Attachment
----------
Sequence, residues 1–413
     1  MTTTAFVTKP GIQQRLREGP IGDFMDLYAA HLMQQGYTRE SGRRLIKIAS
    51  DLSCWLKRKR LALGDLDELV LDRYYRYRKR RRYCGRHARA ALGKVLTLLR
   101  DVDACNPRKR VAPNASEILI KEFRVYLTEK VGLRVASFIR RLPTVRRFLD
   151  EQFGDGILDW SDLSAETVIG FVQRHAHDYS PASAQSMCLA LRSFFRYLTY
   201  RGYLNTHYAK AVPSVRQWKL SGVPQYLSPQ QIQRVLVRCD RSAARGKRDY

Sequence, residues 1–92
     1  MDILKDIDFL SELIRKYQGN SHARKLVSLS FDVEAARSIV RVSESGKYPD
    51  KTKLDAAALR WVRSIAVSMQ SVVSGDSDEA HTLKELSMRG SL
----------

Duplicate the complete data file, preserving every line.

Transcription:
Sequence, residues 1–413
     1  MTTTAFVTKP GIQQRLREGP IGDFMDLYAA HLMQQGYTRE SGRRLIKIAS
    51  DLSCWLKRKR LALGDLDELV LDRYYRYRKR RRYCGRHARA ALGKVLTLLR
   101  DVDACNPRKR VAPNASEILI KEFRVYLTEK VGLRVASFIR RLPTVRRFLD
   151  EQFGDGILDW SDLSAETVIG FVQRHAHDYS PASAQSMCLA LRSFFRYLTY
   201  RGYLNTHYAK AVPSVRQWKL SGVPQYLSPQ QIQRVLVRCD RSAARGKRDY

Sequence, residues 1–92
     1  MDILKDIDFL SELIRKYQGN SHARKLVSLS FDVEAARSIV RVSESGKYPD
    51  KTKLDAAALR WVRSIAVSMQ SVVSGDSDEA HTLKELSMRG SL